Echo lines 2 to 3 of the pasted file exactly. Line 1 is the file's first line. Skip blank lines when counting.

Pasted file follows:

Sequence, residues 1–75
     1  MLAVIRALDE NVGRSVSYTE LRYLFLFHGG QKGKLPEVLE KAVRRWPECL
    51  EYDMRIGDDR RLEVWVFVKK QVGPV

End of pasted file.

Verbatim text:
     1  MLAVIRALDE NVGRSVSYTE LRYLFLFHGG QKGKLPEVLE KAVRRWPECL
    51  EYDMRIGDDR RLEVWVFVKK QVGPV